Learn how to make LIQUID WATERCOLOUR PAINT WITH your dried up markers. It’s fun and easy and can save you a fortune if you have kids who love to paint.
We love making our own paint here in my daycare. It’s a great way to save money, and making the paint is always a fun activity in itself. I’m thrilled to share this homemade liquid watercolour recipe with you today. All you need are old, dried out markers to make it.
Liquid watercolours are amazing. We use them a lot here in my home daycare. They’re vibrant, versatile, beautiful, and fun to use.
Liquid watercolours are also expensive to buy – especially when you use them frequently in a daycare or classroom for art projects and colourful science activities.
Good news… I’ve discovered a way to make your own homemade liquid watercolours which are perfect for preschool arts and crafts.
Lots of ink left in them!
You know those markers that the kids have left the tops off of, or that they’ve used so often there’s no ink left in them, or the ones that have just dried up over time?
Surprise… There’s actually a lot of ink left in them.
Even the most worn-out, dried up, marker has a ton of ink left in it. And you can easily extract that ink and turn it into colourful paint for your kids.
Easy but it takes time
The process is easy. It does take a bit of time though, so patience is required, but hey, those markers were just going in the trash anyway, right? Waiting a few days while your markers turn into paint isn’t really a biggie.
Let me show you how to do it!
In these above pictures, the outlining was done in crayon. All other colour is the liquid watercolors.
Note: Because I like the intensity of store-bought Liquid Watercolor Paint (affiliate link, I put some extra effort into this process. You don’t have to put quite as much effort in, but I feel that it really paid off, and it’s why our paints are so vibrant. More on that in a minute.
- dried out markers
- glass jars with lids (large baby food jars or small mason jars are great)
and if you’re putting in the extra effort:
- small bowl
- scissors or pliers
How to Make Homemade Liquid Watercolours:
First, your kids need to test all of the markers to see which ones are getting low on ink. We use this opportunity to do this fun little art activity.
Then we set aside the good ones and sorted the dry markers into groups of similar colours. We ended up with 6 piles:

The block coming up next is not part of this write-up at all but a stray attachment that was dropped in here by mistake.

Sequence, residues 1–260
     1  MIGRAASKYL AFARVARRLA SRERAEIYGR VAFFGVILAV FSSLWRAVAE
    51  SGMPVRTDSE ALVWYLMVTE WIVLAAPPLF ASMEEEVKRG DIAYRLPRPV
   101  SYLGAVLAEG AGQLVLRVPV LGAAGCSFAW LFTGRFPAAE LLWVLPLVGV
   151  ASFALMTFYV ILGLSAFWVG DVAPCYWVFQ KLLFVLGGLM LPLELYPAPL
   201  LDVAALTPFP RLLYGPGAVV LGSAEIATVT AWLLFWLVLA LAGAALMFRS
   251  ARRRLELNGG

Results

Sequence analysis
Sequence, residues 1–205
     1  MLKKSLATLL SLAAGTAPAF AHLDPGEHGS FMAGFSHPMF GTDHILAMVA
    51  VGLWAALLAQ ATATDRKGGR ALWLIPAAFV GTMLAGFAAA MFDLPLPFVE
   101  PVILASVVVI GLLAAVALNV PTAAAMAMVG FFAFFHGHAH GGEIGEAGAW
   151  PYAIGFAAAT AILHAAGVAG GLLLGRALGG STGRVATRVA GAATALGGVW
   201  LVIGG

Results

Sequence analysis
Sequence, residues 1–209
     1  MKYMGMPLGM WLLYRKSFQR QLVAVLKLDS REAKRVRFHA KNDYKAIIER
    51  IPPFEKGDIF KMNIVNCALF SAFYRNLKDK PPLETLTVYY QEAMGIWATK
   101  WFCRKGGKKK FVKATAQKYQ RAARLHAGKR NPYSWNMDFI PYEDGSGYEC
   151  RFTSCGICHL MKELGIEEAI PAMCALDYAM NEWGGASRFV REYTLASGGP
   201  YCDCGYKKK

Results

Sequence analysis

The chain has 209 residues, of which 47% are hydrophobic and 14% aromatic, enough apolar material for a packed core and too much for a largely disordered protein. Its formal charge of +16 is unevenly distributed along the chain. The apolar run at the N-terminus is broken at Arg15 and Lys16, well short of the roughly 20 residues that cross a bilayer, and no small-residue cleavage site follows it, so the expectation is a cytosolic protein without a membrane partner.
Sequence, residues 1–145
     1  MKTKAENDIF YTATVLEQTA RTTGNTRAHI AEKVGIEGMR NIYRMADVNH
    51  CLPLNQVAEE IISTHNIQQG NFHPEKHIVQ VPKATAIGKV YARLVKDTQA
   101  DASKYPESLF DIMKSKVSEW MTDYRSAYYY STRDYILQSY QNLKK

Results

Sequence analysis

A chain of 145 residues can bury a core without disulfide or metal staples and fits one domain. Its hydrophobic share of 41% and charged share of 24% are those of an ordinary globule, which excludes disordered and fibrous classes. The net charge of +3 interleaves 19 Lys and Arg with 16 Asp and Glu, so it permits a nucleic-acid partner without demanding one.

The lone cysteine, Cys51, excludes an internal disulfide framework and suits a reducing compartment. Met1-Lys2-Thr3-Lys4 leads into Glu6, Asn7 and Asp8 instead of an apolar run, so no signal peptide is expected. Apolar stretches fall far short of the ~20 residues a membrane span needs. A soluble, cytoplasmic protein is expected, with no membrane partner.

I set out six glass jars, and the four year old poured a bit of water into each jar.
Next, the hooligans placed the markers, tips down, into the water.
Immediately, colour started to leach out into the water.
We shook and stirred our jars a bit to observe the changes in the water, and then I set the jars on a window sill, and we left them for a full week.
What if some of the water evaporates?
It will happen. Don’t sweat it! Some water will evaporate, but your pigment won’t.
Your colours will simply become more concentrated, and that’s a good thing.
Our water became so dark as the days passed. Turns out there was quite a lot of ink left in those markers after all!
At this point, if you want, you can call it a day, and use your paint as is. This is where the extra effort comes in if you want to get eve more ink out of the markers.
To make our watercolours even more intense:
This next bit can get a little messy, so place everything in the sink, and work from there, or, if you’re working on a countertop or table, place everything on an old towel.
With a pair of pliers, I pulled the ends off the markers and removed the coloured inserts. Some of the inserts slipped out easily when I tipped the marker upside down, but others weren’t so co-operative, so I used the pliers to crack the plastic casing, and tug the insert out.
Then I snipped up the sponge inserts, and put them in a bowl with a bit of water.
With a fork, I squished the insert pieces until I had extracted all the colour I could, and I poured it into the matching jar.
This was the result of my efforts:
The liquid paint colours are so intense that I have to hold some of them up to the light to tell them apart.
How to use your liquid watercolor paints:
You can use your paints full-strength or you can pour a small amount into an ice cube tray dilute with a few drops of water.
The ones you see below have been diluted.
Preserving your leftover paint:
If, at the end of their painting session, you kids have paint left in the tray DON’T throw it out! Leave the tray out in the open, and let the liquid evaporate. The pigment will dry in the bottom of the tray. When you’re ready to paint again, simply add a few drops of water, and stir to re-constitute your paint!
Storing your homemade liquid watercolour paints:
Store your homemade liquid watercolours in air tight containers. I store ours in baby food jars with the lids screwed on securely.
And there you have it. Gorgeous, homemade liquid watercolours for all of your creative art!
And they didn’t cost you a dime.
Check out some of the projects we’ve done with liquid watercolour paints here, here, here and here.
Boredom Busters for Kids!
Print off our checklist of 100 Fun Things for Kids to Do at Home. Stick it on your fridge, and they’ll never be bored again!
More Homemade Paint Recipes:
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Jackie is a mom, wife, home daycare provider, and the creative spirit behind Happy Hooligans. She specializes in kids’ crafts and activities, easy recipes, and parenting. She began blogging in 2011, and today, Happy Hooligans inspires more than 2 million parents, caregivers and Early Years Professionals all over the globe.
You are so clever Jackie! Great post! 😀
What a great idea, excited to find old pens & have a go ! Great money saving new idea to try at Topcliffe Playgroup – THANK YOU & keep those ideas coming x
Can’t wait to give this a try, thanks so much for all your hard work posting and sharing! You are so inspiring 🙂
You are a genius. Recycle, reuse experiment, awesome. Congratulations smart lady.. ?? It.
I love the extra step! We’ve made watercolors with the markers, but they weren’t as bright as I’d like. We’ll be trying this soon as we have a ton of dried out markers!
Jackie I have been doing this all school year. Yesterday we added an off-brand kool aid packet in the appropriate color to each jar of paint. We got more vivid colors and scent.